Ø  The function that the + operator performs depends on the type of the information on which it operates

    Ø  If both operands are strings, or if one is a string and one is a number, it performs string concatenation

    Ø  If both operands are numeric, it adds them

    Ø  The + operator is evaluated left to right

    Ø Parentheses can be used to force the operation order

    Ø See Addition.java (page 66)

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    Escape Sequences

    Ø What if we wanted to print a double quote character? Ø  The following line would confuse the compiler

    because it would interpret the second quote as the end of the string

    System.out.println ("I said "Hello" to you.");

    Ø An escape sequence is a series of characters that represents a special character

    Ø An escape sequence begins with a backslash character (\), which indicates that the character(s) that follow should be treated in a special way

    System.out.println ("I said \"Hello\" to you.");

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    Escape Sequences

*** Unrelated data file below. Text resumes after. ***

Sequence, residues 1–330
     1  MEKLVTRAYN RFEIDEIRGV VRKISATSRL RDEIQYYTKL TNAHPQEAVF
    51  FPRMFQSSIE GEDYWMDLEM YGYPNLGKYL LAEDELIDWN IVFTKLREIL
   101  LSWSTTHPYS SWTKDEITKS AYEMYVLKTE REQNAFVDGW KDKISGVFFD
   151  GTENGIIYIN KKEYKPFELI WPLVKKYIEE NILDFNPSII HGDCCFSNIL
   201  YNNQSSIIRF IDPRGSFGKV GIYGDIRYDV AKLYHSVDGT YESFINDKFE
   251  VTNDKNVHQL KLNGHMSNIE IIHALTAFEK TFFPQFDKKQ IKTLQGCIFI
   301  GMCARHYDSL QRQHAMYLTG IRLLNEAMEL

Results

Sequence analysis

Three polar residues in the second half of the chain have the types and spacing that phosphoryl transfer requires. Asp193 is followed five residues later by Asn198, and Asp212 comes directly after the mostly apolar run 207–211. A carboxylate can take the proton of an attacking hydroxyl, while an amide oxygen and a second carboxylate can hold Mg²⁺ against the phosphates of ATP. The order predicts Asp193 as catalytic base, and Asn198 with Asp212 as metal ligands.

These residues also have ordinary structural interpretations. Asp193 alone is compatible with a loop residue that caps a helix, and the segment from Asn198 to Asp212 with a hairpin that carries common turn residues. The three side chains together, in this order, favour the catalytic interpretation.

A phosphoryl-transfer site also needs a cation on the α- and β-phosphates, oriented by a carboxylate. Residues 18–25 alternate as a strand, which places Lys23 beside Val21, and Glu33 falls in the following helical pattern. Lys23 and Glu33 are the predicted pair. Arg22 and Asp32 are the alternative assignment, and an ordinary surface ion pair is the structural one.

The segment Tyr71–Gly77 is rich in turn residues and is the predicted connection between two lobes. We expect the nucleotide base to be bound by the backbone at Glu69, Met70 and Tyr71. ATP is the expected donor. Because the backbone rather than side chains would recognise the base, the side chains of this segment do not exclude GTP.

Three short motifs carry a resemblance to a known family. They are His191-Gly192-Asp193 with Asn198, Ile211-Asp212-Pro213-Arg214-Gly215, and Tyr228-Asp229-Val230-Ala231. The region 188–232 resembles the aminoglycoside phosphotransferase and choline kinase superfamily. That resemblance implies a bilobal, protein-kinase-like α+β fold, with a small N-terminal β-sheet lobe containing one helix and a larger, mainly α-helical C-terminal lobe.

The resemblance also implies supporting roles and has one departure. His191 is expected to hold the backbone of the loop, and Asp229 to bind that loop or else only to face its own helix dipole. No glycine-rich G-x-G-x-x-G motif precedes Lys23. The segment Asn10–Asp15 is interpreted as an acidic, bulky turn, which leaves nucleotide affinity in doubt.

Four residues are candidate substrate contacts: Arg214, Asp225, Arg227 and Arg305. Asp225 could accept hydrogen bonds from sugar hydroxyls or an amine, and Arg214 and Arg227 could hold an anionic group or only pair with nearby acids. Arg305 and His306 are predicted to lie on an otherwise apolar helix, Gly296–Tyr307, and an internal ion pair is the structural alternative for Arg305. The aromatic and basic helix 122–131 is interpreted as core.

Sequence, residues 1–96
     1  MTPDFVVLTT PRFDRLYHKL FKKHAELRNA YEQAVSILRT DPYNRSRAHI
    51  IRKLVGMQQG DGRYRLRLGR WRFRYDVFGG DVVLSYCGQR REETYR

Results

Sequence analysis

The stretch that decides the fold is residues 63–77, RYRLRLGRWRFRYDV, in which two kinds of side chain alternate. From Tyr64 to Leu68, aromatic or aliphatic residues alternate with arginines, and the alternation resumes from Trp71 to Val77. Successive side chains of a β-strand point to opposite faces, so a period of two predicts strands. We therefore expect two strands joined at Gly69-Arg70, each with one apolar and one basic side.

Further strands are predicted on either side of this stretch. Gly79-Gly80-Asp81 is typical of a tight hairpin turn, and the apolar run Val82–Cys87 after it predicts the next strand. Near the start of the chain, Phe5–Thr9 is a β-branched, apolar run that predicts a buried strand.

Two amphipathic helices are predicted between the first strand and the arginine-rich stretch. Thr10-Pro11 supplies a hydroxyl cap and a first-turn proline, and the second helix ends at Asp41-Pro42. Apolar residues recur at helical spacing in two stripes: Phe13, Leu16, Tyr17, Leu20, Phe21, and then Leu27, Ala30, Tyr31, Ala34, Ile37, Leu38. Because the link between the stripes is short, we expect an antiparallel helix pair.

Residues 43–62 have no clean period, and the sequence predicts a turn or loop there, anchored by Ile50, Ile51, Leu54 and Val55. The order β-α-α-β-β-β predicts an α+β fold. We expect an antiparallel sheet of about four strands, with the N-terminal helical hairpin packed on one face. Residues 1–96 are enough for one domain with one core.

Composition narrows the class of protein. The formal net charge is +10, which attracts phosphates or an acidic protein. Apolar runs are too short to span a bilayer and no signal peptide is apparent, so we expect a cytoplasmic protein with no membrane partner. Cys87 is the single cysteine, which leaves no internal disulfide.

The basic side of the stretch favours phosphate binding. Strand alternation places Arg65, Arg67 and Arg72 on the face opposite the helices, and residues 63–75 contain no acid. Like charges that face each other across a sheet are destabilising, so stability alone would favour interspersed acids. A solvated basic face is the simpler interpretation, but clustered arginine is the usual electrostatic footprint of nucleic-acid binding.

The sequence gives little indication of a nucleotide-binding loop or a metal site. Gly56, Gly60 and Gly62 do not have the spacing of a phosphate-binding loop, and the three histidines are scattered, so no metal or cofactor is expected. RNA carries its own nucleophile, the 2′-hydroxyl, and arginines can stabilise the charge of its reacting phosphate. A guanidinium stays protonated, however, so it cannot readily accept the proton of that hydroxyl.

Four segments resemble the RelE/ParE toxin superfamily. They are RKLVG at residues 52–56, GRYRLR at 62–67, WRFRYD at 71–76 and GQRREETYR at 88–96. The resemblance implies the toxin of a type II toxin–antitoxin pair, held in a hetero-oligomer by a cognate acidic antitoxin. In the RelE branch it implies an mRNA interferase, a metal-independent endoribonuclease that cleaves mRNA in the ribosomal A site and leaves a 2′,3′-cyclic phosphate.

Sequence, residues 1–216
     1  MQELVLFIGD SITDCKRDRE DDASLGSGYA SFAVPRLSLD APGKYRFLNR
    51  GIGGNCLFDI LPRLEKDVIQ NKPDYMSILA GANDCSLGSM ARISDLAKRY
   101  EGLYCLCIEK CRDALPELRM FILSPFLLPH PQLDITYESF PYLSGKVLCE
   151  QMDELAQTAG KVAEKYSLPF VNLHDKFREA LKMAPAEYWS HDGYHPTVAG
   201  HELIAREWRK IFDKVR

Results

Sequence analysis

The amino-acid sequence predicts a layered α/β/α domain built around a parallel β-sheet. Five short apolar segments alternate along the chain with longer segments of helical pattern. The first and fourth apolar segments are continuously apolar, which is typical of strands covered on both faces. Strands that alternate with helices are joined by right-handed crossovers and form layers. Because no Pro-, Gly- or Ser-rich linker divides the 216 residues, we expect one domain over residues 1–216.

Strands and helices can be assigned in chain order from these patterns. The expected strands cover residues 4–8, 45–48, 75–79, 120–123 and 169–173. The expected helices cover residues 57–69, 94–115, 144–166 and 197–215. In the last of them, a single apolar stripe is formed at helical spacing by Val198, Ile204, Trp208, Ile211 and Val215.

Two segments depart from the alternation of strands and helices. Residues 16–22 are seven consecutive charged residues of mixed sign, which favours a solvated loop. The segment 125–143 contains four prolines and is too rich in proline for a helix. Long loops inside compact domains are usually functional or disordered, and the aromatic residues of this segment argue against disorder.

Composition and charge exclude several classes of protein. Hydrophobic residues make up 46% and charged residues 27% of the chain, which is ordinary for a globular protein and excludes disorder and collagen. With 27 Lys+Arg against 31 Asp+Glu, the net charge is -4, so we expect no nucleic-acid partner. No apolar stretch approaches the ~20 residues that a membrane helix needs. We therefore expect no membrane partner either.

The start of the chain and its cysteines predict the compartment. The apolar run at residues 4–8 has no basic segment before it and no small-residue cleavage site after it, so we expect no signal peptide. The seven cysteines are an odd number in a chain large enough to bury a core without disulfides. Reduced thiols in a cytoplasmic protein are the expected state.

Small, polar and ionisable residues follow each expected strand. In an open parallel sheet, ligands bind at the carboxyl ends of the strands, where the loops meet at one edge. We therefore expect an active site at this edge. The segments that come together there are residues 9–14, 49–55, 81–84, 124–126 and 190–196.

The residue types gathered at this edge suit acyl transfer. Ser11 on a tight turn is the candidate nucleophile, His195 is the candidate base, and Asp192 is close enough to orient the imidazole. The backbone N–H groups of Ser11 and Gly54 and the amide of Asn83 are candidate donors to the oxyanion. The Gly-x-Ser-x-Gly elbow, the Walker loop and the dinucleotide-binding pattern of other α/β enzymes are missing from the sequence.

Ø Some Java escape sequences:

    Ø See Roses.java (page 67)

    Escape Sequence \b \t \n \r \" \' \\

    Meaning

    backspace tab

    newline carriage return double quote single quote backslash

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    Variables

    Ø A variable is a name for a location in memory

    Ø A variable must be declared by specifying the variable's name and the type of information that it will hold

    int total;

    int count, temp, result;

    Multiple variables can be created in one declaration

    data type variable name

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    Variables

    Ø A variable can be given an initial value in the declaration

    Ø When a variable is referenced in a program, its current value is used

    Ø See PianoKeys.java (page 69)

    int sum = 0; int base = 32, max = 149;

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    Assignment

    Ø An assignment statement changes the value of a variable